EPR clarity sought to keep costs low

The business community has called for clearer criteria regarding extended producer responsibility in Vietnam that considers international standards and legal status.

The European Chamber of Commerce in Vietnam (EuroCham) has explained that rules in Vietnam on extended producer responsibility (EPR) introduced a mandatory recycled content rate in products introduced into the domestic market.

EPR in Vietnam is implemented via Decree No.08/2022/ND-CP implementing some articles in the Law on Environmental Protection, and an additional circular that were both made effective in January 2022. But these rules are deemed not enough.

“Today many recyclers don’t have, for example, the proper wastewater treatment. We would like to recommend publishing a clear list of criteria, including environmental criteria, considering international standards that the recyclers must fulfil in order to be registered as a recycler,” EuroCham cited at the Vietnam Business Forum organised over a week ago in Hanoi.

There are many systems to track waste such as composition, dirtiness, and other properties which are backed by a certification system. There is currently no bridge announced to the current certifications schemes available around the globe.

All producers and importers subject to recycling obligations are required to register and report on their recycling activities or declare their contribution to the Vietnam Environmental Protection Fund every year before March 31. If producers or importers authorise a third party to recycle on their behalf, the third party is responsible for registering and reporting on recycling activities.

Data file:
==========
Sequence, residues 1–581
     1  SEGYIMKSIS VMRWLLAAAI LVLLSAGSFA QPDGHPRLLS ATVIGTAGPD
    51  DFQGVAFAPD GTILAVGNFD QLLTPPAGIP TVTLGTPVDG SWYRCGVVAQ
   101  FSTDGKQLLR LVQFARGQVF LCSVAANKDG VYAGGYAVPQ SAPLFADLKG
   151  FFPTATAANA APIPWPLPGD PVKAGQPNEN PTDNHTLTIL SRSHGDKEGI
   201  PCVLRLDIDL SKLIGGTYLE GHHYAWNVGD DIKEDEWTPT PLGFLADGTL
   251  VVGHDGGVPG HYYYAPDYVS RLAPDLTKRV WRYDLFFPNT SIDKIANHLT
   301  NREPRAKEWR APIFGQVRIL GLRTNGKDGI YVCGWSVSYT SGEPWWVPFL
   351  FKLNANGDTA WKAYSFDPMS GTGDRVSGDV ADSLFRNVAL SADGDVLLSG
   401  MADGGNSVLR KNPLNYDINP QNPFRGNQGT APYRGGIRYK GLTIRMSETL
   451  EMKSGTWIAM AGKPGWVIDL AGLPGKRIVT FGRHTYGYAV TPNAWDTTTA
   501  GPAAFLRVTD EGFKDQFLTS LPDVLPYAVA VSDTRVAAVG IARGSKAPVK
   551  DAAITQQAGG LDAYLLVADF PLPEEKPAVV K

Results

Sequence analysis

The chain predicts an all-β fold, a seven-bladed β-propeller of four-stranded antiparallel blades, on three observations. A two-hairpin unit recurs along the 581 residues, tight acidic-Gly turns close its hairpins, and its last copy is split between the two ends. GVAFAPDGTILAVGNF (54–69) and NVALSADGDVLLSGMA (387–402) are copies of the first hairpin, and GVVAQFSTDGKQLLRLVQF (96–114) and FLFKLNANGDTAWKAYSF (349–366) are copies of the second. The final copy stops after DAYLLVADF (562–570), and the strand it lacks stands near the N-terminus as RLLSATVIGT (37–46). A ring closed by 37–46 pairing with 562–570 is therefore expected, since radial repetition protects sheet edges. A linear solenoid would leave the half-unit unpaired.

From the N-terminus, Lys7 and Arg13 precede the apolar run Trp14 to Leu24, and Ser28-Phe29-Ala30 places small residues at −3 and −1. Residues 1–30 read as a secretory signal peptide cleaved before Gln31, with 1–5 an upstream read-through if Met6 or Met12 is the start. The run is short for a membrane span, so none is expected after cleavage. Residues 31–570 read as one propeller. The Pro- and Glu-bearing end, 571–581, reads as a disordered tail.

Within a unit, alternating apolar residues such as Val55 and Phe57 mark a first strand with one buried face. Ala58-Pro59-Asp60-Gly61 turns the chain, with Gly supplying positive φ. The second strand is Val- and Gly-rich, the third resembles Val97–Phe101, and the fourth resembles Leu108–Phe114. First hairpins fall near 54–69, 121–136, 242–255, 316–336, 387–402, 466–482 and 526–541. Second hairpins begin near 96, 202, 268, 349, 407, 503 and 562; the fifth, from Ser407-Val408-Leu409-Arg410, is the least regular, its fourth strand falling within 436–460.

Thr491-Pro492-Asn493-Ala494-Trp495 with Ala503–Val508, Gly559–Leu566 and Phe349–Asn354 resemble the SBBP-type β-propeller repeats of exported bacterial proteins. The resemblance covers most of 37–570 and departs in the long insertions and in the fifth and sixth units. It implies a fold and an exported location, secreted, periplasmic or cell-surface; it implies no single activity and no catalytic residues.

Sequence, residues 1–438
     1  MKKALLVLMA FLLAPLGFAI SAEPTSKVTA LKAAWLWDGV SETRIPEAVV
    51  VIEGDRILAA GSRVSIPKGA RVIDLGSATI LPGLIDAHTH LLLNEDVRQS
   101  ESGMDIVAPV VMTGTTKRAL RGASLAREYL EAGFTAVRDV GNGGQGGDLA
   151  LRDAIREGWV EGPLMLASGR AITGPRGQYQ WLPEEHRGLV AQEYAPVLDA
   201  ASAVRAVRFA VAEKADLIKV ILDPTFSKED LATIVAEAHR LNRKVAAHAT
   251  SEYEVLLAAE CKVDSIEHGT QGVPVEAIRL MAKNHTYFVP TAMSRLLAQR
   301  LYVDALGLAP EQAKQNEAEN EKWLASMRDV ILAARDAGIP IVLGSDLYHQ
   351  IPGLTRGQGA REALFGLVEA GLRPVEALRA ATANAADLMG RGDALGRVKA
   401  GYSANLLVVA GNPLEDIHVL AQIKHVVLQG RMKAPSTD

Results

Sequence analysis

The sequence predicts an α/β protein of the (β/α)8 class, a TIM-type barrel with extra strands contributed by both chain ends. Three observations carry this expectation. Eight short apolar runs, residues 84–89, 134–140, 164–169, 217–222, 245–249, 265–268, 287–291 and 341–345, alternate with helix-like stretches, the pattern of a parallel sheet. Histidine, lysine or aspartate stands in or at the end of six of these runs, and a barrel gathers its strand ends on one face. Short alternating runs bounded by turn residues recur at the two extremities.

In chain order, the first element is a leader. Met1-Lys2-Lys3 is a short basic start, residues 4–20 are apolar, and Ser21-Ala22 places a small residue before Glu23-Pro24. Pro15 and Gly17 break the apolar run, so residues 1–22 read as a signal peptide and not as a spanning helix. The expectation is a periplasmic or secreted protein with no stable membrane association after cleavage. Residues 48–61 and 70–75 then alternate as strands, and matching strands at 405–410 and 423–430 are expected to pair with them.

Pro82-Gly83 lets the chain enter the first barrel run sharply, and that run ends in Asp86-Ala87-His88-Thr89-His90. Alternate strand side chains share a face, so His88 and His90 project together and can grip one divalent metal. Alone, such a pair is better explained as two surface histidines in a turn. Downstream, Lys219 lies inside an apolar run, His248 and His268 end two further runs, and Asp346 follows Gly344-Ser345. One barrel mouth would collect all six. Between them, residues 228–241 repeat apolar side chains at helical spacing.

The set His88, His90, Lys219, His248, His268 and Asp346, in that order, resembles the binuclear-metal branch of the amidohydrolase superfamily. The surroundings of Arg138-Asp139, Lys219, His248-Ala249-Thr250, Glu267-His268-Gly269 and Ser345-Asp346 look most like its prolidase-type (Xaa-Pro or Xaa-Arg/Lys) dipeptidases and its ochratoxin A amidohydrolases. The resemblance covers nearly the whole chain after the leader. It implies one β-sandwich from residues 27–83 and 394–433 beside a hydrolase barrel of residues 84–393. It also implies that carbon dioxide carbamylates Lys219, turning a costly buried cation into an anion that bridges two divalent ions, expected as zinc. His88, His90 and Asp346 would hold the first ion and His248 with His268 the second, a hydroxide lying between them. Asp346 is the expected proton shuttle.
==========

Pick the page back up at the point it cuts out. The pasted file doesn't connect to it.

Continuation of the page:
Each type of packaging and product that needs to be recycled is subject to a mandatory recycling rate on the basis of the life cycle, disposal rate, and collection rate. The required rates will be measured and adjusted every three years.

EuroCham also recommends building a mutual recognition scheme between the international certification schemes and the data reporting about the waste collection and recycling inputs/outputs.

Meanwhile, Hong Sun, chairman of the Korea Chamber of Business in Vietnam, said that in accordance with the revised environment laws, when the environmental impact assessment (EIA) approval agency is changed from the existing provincial government to the central government agency depending on the possibility of generating pollutants and the amount of production, the time and cost would increase for issuing a permit for an EIA report, which acts as a burden on business activities.

“The appendix of the amended environment law stipulates the list of types of production, business, and services to cause environmental pollution. If this standard (weight of 1,000 tonnes or production of more than one million units per year) is exceeded, approval from the Ministry of Natural Resources and Environment must be obtained regardless of whether or not environmental pollution occurs,” Sun said.

Electrical and electronics industries often produce more than one million units a year, so most related companies, regardless of whether they are new or expanded, have to obtain permission from the central government again even if they have previously received EIA reports from provincial governments.

Since production activities are not allowed before obtaining permission, there are concerns that excessive time and cost will be incurred in undergoing EIA.

In terms of the automobile sector, there is currently no legal enforcement for vehicle owners to discard their vehicles to official/defined collection points, while Decree 08 regulates a mandatory collection/recycle rate of 0.5 per cent of the sales volume of the previous year, as of 2027.

“The government should soon issues a strong legal framework for vehicle discarding, as obligations will not be fulfilled without it,” noted EuroCham.

Vietnam Investment Review